Truth is that Emmett the columnist was at once a role model and adviser to me. He saved me from taking wrong turns and detours. I remember when I first started writing a column in the 1980s. Em and I were at lunch and he said, “What are you writing about tomorrow, kid?” He always called me kid.
I said, “I thought I’d write about rape relief. It’s a good program and I’m afraid the city is going to stop funding it.”
Em looked as if I’d hit him with a bean ball. He cradled his head in his hands and said, “Rape relief! God, no.” He then gave me a priceless piece of advice. He said, “There are lots of people who can write that story. It’s not something you need to do.” Little by little, lunch by lunch, he revealed his philosophy about writing a column. He said, “Most days you entertain the troops. Then when you’ve paid your dues, you can slip in editorial comment.”
If Em had a fault, it was the expectation that he need not carry cash. After all, he was born into the era when city columnists not only could accept freebies, they simply assumed someone else would pick up the check. The first time Emmett asked me to lunch, he drove his vintage Fiat to Rosellini’s 6-10, at the time one of THE places to be seen. He parked in a nearby lot.
He stuck his hands in his pants pockets expectantly and pulled them out, palms up and empty. “Don’t have any change,” mumbled Emmett. “Take care of it, would you, kid?” Naturally, I did. I was dazzled at the thought of having lunch with the headliner columnist. The lunch experience was like none I’d experienced. Legendary restaurateur Victor Rosellini himself greeted us and ushered us to the showcase, ringside table, reserved for the most prominent celebrity of the day.
Service was flawless and the food was superb. Emmett soldiered his way through a meal that included Rosellini’s fabled lamb shanks, finished off with apple pie ala mode. Then, to my surprise, the waiter said there’d be no check, the meal was “on Victor.” “Better leave a sizeable tip, kid,” Emmett said. It was beginning to dawn on me that lunch-on-the-house was standard operating procedure for Emmett.
In fact, he had developed a bantering rational when it came to lunching with women. He said, “I’m going to teach a women’s lib course in how to pick up checks. It’s part of your equal rights training,” he claimed, with just the least ironic smile.
If getting Em to buy lunch was difficult, getting him to repay a debt was even harder. I recall that I once loaned one of my editors $10 on a day when she was heading off to lunch and didn’t have any cash. When she returned, she said, “Emmett owes me $10, you can collect it from him.” Not that $10 was that big a deal, but reporters were paid a lot less than editors and certainly less than the paper’s premiere columnist.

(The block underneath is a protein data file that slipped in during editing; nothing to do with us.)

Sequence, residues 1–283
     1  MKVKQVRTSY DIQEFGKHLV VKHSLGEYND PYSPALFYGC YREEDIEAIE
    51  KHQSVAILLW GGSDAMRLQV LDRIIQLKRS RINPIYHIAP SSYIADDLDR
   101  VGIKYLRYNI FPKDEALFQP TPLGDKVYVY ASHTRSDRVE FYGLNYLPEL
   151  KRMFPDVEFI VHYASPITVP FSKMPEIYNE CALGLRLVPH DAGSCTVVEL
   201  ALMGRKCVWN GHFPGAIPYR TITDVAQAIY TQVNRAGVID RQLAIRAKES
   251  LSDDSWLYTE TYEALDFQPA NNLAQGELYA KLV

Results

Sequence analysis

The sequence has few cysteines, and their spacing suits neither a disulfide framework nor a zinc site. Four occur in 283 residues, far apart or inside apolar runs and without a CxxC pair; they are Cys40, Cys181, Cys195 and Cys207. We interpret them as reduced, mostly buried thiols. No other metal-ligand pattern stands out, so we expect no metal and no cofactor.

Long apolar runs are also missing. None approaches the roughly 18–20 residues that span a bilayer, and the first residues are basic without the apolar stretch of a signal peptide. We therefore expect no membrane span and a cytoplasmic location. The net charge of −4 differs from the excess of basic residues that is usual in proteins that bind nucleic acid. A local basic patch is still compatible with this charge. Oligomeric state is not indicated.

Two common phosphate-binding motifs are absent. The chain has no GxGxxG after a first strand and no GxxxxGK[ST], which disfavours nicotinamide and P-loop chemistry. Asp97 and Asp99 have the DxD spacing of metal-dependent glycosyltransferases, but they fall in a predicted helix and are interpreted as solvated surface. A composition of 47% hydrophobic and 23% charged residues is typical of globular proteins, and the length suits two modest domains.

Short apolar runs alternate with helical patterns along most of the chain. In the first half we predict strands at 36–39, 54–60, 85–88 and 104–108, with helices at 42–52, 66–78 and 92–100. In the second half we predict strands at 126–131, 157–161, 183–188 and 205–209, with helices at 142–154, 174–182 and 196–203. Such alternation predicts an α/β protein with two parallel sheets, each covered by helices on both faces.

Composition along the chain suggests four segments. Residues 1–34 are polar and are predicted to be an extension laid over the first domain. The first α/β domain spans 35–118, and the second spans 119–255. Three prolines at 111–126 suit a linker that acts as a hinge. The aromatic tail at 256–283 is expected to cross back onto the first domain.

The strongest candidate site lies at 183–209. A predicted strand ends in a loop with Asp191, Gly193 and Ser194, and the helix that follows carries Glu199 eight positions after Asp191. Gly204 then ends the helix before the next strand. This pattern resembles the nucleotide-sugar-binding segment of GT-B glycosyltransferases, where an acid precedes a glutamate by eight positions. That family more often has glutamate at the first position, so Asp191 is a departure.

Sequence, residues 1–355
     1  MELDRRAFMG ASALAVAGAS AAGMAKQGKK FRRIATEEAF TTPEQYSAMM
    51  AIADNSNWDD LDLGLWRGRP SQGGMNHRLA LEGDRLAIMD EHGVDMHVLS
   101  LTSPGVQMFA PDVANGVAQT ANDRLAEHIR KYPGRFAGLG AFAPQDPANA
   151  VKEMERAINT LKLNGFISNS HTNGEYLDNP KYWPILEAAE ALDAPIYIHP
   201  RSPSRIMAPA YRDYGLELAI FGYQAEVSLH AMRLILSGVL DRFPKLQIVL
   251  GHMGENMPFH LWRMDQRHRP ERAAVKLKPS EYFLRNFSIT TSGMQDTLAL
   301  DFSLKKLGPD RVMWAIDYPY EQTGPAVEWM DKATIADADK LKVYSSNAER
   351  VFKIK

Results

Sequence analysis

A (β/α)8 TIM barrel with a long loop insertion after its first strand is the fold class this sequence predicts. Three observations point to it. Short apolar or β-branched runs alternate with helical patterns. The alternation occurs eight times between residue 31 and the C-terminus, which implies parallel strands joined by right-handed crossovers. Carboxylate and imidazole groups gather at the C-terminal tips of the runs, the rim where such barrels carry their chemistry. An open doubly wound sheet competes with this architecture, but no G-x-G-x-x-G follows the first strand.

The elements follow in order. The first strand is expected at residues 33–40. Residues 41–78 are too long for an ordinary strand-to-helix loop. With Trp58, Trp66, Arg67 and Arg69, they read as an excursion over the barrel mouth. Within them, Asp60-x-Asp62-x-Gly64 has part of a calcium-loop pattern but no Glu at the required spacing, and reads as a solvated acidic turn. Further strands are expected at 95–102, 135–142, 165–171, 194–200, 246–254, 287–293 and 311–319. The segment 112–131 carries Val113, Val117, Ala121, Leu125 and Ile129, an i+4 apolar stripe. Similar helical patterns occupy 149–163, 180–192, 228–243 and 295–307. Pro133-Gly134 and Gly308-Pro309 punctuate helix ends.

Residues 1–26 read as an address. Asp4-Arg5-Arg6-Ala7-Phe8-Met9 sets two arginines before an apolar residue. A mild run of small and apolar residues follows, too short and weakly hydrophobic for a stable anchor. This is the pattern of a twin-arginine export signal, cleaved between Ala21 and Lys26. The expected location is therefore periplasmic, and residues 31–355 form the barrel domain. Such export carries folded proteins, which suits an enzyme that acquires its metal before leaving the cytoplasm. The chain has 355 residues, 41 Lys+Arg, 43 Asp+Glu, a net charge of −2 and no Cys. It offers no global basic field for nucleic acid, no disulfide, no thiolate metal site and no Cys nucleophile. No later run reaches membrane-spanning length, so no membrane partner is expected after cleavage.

I asked Doug, the copy aide, for his advice on collecting the debt. “Search me,” he said. “I have a hard enough time getting Emmett to pay his $5 monthly coffee dues.” (In those pre Starbucks days, Doug made a giant urn-full of coffee each morning. By lunchtime, the brew had the consistency and flavor of newly-poured asphalt.)
It might be a fool’s errand, but I stubbornly vowed I would collect the $10 or know the reason why. I mentioned the debt to Emmett several times without success. “Oh, yeah,” he’d say. “I’ll catch you on payday.” Finally, I devised a plan, using humor. I’d plant notes in his typewriter each morning. One of them: “Riddle: What internationally known columnist owes what ink-stained wretch $10?” Or “Would the Seattle Weekly like to hear about the $10 misunderstanding?” Weeks later, I collected. It was a feat worth bragging about. The wonder is that I spent the $10 instead of having the bill framed.
Aside from the more famous originals, there are scores of other eccentrics who have made Seattle their home. A disproportionately large share worked for newspapers. There was the marine reporter who sometimes showed up at the Post-Intelligencer wearing an ill-fitting wig, talked in a false falsetto voice on the phone and threw phone books at the copy aides.
Then there was the over-eager P-I reporter who became a legend by leaping over the yellow caution tape at the scene of a crime and saying to the nearest police officer, “Let’s share information.” It was that same eager-beaver reporter who, instead of doing assigned evening cop calls, would pretend to make the calls, holding his finger over the connection. Later he’d phone his Latino girlfriend and rattle on endlessly in X-rated Spanish. Little did he know that several of his fellow reporters were also bilingual.
One can only ask: What is it that keeps attracting these one-of-a-kind characters to Seattle?